Monday, May 16, 2016

Musings -- May 16, 2016; Sandridge Files For Bankruptcy

Sandridge Energy files for bankruptcy.
...filing for bankruptcy protection Monday after reaching a deal with its creditors to swap $3.7 billion in debt for control of the oil and gas company.
The Oklahoma City company filed for chapter 11 protection in U.S. Bankruptcy Court in Houston after reaching a deal with the majority of its lenders and bondholders on the terms of a “prearranged” debt restructuring pact.
SandRidge Chief Executive James Bennett said the proposed debt swap, which requires court approval, will allow the reorganized company to concentrate on oil and gas exploration and development in our active Oklahoma and Colorado project areas.
The company will stay open during the chapter 11 case and expects to exit bankruptcy “with minimal disruption to our business,” Mr. Bennett said.
SandRidge says it has enough cash to fund its ongoing operations without a bankruptcy loan. Among its initial bankruptcy request is the authority to pay operating expenses associated with production activities, royalties and wages to its workers. The company also intends to pay all suppliers and vendors in full during the bankruptcy.
This is sort of what the government does when it does bailouts. 


Page 3 (the most important page of The Wall Street Journal), above the fold, the headline: mass balloon releases prompt lawsuit. The mass balloon releases are the balloons that are released at the beginning of college football games, for example. Activists say such mass balloon releases after an "adverse effect on the environment.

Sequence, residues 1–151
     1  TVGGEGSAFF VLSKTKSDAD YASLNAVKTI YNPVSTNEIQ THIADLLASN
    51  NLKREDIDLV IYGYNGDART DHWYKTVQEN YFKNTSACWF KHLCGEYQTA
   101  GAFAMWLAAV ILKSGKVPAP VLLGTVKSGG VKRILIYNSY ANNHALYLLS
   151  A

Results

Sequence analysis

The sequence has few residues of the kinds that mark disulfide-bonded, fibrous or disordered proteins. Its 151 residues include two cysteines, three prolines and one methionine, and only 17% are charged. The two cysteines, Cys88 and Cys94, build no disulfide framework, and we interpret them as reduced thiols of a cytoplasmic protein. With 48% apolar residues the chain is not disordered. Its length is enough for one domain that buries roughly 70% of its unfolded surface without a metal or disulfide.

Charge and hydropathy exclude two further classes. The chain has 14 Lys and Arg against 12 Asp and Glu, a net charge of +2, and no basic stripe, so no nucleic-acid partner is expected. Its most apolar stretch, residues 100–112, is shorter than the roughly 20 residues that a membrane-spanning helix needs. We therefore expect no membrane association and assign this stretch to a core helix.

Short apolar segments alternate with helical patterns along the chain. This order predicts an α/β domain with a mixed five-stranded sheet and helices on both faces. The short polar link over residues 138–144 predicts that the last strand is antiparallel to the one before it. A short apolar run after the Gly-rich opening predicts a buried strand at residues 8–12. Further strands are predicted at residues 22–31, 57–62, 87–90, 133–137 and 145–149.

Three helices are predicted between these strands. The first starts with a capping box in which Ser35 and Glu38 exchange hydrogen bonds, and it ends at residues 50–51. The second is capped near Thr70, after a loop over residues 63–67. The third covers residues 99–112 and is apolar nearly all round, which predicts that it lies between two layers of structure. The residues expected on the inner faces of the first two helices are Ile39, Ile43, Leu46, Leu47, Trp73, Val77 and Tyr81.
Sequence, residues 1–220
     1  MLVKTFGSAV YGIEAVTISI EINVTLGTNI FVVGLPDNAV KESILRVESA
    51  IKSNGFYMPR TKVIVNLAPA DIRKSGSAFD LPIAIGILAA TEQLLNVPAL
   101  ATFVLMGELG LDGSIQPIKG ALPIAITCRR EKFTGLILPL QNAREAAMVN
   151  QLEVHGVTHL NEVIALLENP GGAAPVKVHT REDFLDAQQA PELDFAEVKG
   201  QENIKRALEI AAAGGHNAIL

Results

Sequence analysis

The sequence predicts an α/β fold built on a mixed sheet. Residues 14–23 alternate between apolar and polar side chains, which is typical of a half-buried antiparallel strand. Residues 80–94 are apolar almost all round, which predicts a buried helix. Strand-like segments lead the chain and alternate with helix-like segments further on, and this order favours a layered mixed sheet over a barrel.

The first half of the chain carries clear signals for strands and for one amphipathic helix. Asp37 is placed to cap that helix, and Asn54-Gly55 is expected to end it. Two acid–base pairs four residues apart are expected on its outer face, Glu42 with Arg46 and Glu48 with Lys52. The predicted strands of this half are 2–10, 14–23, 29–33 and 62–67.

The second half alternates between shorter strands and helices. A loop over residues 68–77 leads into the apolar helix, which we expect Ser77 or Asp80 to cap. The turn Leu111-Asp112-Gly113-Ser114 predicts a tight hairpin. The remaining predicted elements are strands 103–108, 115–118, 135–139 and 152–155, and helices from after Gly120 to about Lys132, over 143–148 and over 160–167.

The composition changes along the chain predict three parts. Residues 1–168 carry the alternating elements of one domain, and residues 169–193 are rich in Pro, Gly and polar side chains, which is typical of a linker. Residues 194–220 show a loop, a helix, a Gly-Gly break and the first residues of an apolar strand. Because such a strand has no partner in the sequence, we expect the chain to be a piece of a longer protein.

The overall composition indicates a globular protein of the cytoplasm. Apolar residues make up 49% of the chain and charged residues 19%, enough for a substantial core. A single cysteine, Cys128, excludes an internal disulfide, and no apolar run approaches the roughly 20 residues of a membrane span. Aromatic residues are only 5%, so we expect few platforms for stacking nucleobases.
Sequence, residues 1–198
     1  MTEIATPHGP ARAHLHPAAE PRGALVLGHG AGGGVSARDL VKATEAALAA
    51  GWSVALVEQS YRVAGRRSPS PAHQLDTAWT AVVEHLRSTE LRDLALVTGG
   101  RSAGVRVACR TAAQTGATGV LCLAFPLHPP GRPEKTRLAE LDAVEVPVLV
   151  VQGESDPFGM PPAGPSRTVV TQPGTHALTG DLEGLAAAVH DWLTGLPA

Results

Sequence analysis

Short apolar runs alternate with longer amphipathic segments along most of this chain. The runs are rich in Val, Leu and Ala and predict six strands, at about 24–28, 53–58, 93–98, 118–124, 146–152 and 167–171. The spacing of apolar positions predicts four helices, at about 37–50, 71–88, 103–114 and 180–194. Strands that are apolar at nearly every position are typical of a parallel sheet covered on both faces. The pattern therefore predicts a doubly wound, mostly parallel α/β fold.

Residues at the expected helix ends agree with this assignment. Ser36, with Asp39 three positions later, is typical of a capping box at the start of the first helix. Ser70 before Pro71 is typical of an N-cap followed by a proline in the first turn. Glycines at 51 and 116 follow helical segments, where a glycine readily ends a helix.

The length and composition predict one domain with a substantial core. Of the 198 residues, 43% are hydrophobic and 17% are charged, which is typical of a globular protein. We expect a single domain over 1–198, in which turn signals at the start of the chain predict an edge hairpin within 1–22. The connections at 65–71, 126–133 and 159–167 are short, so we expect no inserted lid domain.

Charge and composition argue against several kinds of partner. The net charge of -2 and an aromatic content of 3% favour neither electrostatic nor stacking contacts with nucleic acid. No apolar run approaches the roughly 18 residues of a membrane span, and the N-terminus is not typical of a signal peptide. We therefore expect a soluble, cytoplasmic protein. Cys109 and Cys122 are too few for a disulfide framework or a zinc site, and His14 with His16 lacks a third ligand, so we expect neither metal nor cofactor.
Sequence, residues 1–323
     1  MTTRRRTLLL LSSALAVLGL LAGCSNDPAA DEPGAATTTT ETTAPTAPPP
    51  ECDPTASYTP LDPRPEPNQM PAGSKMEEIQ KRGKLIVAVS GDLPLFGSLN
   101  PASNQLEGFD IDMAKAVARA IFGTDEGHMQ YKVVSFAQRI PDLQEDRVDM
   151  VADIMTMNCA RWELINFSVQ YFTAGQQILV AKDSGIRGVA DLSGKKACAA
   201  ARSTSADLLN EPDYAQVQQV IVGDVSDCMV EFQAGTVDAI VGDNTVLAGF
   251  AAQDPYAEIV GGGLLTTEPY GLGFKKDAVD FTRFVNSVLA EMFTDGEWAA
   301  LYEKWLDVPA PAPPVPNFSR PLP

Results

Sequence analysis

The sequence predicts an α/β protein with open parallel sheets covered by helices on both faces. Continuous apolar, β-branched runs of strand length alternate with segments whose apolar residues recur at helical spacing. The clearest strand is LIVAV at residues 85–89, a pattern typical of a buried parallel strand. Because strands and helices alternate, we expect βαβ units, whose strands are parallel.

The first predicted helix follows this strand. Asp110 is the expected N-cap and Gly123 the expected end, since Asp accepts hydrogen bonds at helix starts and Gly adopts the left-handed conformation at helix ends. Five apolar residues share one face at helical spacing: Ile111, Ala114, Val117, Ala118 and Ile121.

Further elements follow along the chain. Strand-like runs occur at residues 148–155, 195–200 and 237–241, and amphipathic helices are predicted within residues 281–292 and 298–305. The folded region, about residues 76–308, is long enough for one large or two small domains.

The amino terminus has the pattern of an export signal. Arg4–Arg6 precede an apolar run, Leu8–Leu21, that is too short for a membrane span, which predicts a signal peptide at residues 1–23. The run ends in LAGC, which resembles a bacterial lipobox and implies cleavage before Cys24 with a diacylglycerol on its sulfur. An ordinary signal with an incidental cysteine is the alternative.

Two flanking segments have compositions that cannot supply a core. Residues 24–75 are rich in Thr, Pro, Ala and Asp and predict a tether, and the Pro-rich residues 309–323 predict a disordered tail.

On the op-ed page, the WSJ editors remind us that activists are not concerned that the Obama administration feels 5,000 bald eagle deaths/year is not too big a price to pay for wind energy.

And so it goes.


Daniel Yergin who is probably the most trust name in "oil" has a long op-ed piece in today's WSJ: Where oil prices go from here.?With political change in Saudi Arabia and the market rebalancing, look for $50 a barrey by the fall. As I've said before, $50/bbl for Saudi Arabia is no better than $30 oil when they budget for $100 oil and are losing $5 billlion in cash reserves each month.

For the US oil and gas industry, $40 oil is a lifeline, $50 oil means more will survive, and $60 oil -- long term -- is just fine.

It helps that GS is now "talking oil up" in light of the imminent SaudiAramco IPO. Monetizing less than 5% of their company suggests that it's more about the headline than the substance of the story.

Putin, Twitter, And The CIA

Twitter says it will no longer allow the CIA to mine its data (at least not a formal, paying basis). Twitter will continue to allow Putin to mine is data. I can't make this stuff up.

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